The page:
I am just posting this because I didn’t immediately find an answer online and apparently other people are also experiencing problems with it.
It seems that you have to tell OSX explicitly... read more
Lately I have been doing some pentesting of android apps and I'm doing this blogpost mainly for documenting purposes, since there are quite a lot of pitfalls which made me utter an exotic variety of swearing words. A) Decompiling the source (luke) This was probably the easiest part. Android apps are written in Java and Java 'decompilers' have been around for a while. In fact, some of them seem to have disappeared (jad?). Anyway, Android apps come in .apk packages which can be unzipped. So, how do we get the .apk file? If we cannot download it via some site, we can use a regular android phone, install the app, and then back it up using an app called ASTRO file manager: http://www.androidtapp.com/astro-file-manager/ . In de tools section of ASTRO there is an option to backup apps, which are subsequently saved in /mnt/sdcard/backups/apps . From there we can copy it over to our computer. I assume you know how to unzip a file, so after the apk is unzipped, there's a couple fo files which are of interest. First there's the manifest file, which we can view using
java -jar AXMLPrinter2.jar AndroidManifest.xml
The other files are the so-called .dex (Dalvik Executable)files which contain the source-code. To be able to decompile dex files we need to convert them first. There's a tool for that called dex2jar : http://code.google.com/p/dex2jar/. It will convert our dex file to...hmmm...you guessed it, a jar file, which is also just a collection (java archive) of files. Now there are a couple of options to decompile this. I tried JDGUI which has a GUI and JAD (which seems to be a bit harder to find) which is a command-line tool. For JAD, you first need to unpack the archive. You can use something like
find ./ -name *.class | xargs -n1 -P1 ./jad -sjava
to decompile everything at once. Next, it's time to read the code, but this is not a java course...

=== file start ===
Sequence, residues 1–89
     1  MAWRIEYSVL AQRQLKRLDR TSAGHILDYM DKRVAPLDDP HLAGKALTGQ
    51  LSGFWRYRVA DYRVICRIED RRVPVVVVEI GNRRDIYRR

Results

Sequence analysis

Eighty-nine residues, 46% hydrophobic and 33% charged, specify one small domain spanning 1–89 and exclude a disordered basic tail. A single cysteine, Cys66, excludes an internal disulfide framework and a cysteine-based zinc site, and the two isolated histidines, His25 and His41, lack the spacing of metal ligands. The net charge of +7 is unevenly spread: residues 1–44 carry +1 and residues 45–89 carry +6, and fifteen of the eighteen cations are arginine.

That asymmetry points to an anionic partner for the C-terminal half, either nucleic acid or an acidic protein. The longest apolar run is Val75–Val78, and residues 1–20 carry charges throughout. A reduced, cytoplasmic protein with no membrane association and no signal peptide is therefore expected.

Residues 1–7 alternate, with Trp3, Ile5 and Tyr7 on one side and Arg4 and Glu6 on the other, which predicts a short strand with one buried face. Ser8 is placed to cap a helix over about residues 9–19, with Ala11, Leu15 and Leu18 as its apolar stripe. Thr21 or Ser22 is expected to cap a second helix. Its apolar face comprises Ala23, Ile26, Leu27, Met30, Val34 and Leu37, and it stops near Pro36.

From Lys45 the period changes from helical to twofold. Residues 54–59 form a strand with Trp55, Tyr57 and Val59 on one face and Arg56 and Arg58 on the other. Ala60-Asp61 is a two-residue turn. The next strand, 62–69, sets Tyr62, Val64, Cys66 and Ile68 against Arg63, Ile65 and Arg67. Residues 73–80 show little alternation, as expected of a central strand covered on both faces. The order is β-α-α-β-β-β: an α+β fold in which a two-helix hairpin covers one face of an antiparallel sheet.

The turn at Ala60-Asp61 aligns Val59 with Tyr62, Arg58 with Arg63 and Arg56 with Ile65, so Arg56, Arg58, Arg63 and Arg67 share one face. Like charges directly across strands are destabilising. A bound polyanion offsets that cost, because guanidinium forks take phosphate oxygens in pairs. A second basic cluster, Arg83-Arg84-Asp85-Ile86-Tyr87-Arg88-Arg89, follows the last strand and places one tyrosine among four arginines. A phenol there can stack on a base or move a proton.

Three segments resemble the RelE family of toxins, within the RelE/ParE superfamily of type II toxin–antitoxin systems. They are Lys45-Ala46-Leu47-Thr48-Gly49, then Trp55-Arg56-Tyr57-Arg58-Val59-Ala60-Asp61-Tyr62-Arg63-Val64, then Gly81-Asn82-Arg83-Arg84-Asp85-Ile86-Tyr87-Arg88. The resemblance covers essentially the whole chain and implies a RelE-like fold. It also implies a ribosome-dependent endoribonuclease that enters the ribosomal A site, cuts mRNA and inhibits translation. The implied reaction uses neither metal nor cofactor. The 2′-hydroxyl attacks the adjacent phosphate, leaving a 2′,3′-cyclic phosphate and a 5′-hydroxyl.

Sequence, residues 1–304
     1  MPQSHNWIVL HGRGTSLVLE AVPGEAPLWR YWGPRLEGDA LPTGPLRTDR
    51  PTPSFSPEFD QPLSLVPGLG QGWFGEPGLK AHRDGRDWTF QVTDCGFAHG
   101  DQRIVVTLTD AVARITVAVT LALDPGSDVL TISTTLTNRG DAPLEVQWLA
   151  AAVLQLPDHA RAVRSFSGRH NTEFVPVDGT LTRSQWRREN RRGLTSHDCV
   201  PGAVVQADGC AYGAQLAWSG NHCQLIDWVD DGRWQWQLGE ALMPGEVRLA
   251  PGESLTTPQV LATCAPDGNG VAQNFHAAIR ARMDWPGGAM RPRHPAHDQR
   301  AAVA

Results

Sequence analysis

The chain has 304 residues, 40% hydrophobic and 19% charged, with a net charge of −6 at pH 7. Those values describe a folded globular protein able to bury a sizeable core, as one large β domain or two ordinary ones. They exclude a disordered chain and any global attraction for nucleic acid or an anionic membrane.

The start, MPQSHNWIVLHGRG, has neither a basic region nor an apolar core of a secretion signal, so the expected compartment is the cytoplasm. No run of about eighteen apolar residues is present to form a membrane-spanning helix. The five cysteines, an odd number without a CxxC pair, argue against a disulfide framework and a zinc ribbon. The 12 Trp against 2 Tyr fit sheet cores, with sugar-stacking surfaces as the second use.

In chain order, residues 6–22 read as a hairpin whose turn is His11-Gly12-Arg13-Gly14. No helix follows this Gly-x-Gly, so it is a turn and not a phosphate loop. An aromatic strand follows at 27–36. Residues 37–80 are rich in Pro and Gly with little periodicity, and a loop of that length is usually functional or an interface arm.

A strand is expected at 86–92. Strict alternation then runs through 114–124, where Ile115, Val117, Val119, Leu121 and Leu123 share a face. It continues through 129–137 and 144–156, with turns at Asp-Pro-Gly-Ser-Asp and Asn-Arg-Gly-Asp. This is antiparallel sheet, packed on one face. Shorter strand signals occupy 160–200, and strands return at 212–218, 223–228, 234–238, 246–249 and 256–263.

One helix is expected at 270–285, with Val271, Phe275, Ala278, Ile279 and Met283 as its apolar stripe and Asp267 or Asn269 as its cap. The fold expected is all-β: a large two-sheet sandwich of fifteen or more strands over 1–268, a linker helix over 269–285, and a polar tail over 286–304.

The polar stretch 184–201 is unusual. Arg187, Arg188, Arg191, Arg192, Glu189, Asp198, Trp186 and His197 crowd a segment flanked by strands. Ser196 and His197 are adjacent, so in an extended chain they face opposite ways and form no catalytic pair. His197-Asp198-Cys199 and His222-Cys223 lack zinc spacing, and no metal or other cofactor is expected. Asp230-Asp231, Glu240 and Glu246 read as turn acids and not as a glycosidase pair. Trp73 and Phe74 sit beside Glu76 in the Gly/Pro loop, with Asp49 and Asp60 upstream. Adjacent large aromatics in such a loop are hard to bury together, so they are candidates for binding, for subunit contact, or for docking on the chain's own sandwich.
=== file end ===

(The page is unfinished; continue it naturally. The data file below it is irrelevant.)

B) Intercepting HTTP(S) with BurpSuite
This second part is much more interesting. We want to test our app with BURP, so we need to intercept traffic with our favorite intercepting proxy,. For our purposes we will be using the Android SDK. I will not elaborate on how to install the SDK, I assume that you will be able to do this. We simply create a new device by starting the emulator: ($SDKDIR/tools/android)
After we created the device, we stop the emulator. We need to do some stuff to make sure changes which we will perform won't get lost. We just created a device with API level 10. We need to copy the .img files over to the directory of the device we just created:
android-sdk-linux_x86$ cp platforms/android-10/images/* ~/.android/avd/android2.3.3./
Now we start up the device, using the emulator command and increasing the memory so the /system folder has enough place to write to:
tools$ ./emulator -avd android2.3.3 -partition-size 512
After we start the device, we can use the adb command to install our application .apk.
fw@xps:~/Downloads/android-sdk-linux_x86$ adb start-server fw@xps:~/Downloads/android-sdk-linux_x86$ adb devices List of devices attached emulator-5554 device fw@xps:~/Downloads/android-sdk-linux_x86/platform-tools$ adb install mesand.apk 1488 KB/s (485184 bytes in 0.318s) pkg: /data/local/tmp/mesand.apk SUCCESS fw@xps:~/Downloads/android-sdk-linux_x86$
We can verify if the installation succeeded by accessing the app in the applications on the emulator.